Newspaper article Pittsburgh Post-Gazette (Pittsburgh, PA)

Dems Strategize for Clean Energy Jobs

Newspaper article Pittsburgh Post-Gazette (Pittsburgh, PA)

Dems Strategize for Clean Energy Jobs

Article excerpt

Clean energy and labor advocates told state Democratic lawmakers on Monday that policies encouraging the development of renewable energy and energy efficiency technology could support significant job growth in Pennsylvania.

As layoffs continue to hurt the fossil fuel industry, the Pennsylvania House Democratic Policy Committee convened a two-hour public hearing to take notes on how to promote employment in clean energy professions. One newly released report suggested that the state's solar and building efficiency industries ? with the right state support ? can bring as many as 11,600 new jobs a year through 2030.

The committee took testimony from seven panelists who all expressed a certain degree of frustration with Pennsylvania's sluggish embrace of green technologies. John Quigley, secretary of the Pennsylvania Department of Environmental Protection, told the committee, "It is clear that other states have leapfrogged us" in clean energy infrastructure and "we've got to catch up."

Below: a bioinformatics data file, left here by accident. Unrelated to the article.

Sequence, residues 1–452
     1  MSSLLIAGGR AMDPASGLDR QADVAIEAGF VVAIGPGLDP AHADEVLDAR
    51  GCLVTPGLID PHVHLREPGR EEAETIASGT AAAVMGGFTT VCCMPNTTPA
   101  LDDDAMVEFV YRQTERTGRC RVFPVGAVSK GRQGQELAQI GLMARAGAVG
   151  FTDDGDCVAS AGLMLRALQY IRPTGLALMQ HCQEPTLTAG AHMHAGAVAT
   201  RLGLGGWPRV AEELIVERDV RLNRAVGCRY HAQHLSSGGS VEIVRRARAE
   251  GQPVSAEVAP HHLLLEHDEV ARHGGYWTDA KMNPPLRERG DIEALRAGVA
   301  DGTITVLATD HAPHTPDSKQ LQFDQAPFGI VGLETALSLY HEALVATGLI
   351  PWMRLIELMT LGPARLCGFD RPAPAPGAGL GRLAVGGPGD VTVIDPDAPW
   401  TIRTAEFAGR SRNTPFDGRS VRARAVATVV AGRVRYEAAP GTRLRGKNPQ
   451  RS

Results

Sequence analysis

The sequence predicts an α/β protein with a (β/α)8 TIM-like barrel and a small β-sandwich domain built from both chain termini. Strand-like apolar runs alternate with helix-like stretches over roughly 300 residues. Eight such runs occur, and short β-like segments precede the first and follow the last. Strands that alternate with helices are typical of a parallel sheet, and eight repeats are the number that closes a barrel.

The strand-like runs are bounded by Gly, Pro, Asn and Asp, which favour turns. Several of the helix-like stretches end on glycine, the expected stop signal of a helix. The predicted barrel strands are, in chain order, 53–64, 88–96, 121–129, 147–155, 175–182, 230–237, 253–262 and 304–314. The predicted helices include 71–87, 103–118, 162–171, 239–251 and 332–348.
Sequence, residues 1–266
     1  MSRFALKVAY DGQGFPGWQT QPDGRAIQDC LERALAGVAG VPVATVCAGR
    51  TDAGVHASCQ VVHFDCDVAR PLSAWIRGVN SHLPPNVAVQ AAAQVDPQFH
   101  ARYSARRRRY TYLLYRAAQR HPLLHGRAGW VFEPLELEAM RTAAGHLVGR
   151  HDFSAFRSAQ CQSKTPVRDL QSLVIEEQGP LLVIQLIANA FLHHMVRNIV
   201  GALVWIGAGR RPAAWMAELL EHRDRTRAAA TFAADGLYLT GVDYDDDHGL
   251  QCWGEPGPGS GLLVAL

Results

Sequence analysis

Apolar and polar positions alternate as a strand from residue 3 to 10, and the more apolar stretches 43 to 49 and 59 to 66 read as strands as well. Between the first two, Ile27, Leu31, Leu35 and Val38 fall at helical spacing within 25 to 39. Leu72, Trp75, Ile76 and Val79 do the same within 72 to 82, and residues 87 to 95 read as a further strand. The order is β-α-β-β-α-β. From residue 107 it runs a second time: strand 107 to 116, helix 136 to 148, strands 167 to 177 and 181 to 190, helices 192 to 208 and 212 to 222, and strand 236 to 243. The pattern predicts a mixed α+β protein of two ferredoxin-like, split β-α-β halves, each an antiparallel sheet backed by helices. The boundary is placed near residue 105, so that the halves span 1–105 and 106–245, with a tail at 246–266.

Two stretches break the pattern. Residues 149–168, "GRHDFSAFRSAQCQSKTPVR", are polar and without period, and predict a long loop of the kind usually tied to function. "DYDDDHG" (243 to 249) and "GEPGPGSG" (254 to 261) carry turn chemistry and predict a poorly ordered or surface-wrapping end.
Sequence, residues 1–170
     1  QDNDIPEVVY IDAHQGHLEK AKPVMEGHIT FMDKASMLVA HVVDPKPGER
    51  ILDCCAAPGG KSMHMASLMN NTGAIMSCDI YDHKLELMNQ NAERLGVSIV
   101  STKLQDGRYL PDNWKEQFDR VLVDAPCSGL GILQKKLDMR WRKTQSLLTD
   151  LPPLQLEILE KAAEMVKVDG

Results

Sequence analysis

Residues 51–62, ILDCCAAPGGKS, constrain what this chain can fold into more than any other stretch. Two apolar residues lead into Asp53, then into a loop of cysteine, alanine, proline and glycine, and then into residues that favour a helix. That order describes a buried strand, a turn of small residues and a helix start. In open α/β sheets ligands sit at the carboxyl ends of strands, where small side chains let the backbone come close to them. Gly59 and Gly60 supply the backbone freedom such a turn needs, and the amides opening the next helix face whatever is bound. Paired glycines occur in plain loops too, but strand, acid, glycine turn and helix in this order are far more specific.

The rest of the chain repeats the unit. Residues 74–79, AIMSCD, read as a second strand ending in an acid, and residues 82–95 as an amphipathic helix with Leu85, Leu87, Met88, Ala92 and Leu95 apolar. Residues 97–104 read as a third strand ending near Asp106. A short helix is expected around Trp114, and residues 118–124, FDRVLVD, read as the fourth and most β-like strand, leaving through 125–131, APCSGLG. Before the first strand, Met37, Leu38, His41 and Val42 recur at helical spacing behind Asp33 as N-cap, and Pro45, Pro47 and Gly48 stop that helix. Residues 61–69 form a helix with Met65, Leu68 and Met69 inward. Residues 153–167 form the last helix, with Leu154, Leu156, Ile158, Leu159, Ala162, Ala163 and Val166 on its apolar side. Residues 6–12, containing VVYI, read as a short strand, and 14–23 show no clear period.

For one, the state's alternative energy standards ? a law passed in 2004 that requires Pennsylvania utilities to sell increasing amounts of electricity from clean sources ? is woefully behind the times, Mr. Quigley and other panelists said. The law also allows utilities to comply by investing in renewable projects in surrounding states, depressing incentives for Pennsylvania developers.

In fact, there's now enough solar energy capacity in Pennsylvania to meet the law's requirements for 2021.

Keeping the eligible projects would provide an immediate boost, Mr. Quigley said. But political clashes have prevented any progress on updating the alternative energy law in recent years.

In his first budget request last spring, Gov. Tom Wolf proposed a $225 million energy package that would have promoted energy efficiency and restored a statewide solar incentive program. It was blocked by Republicans opposed to a natural gas severance tax, which would have funded the package. …

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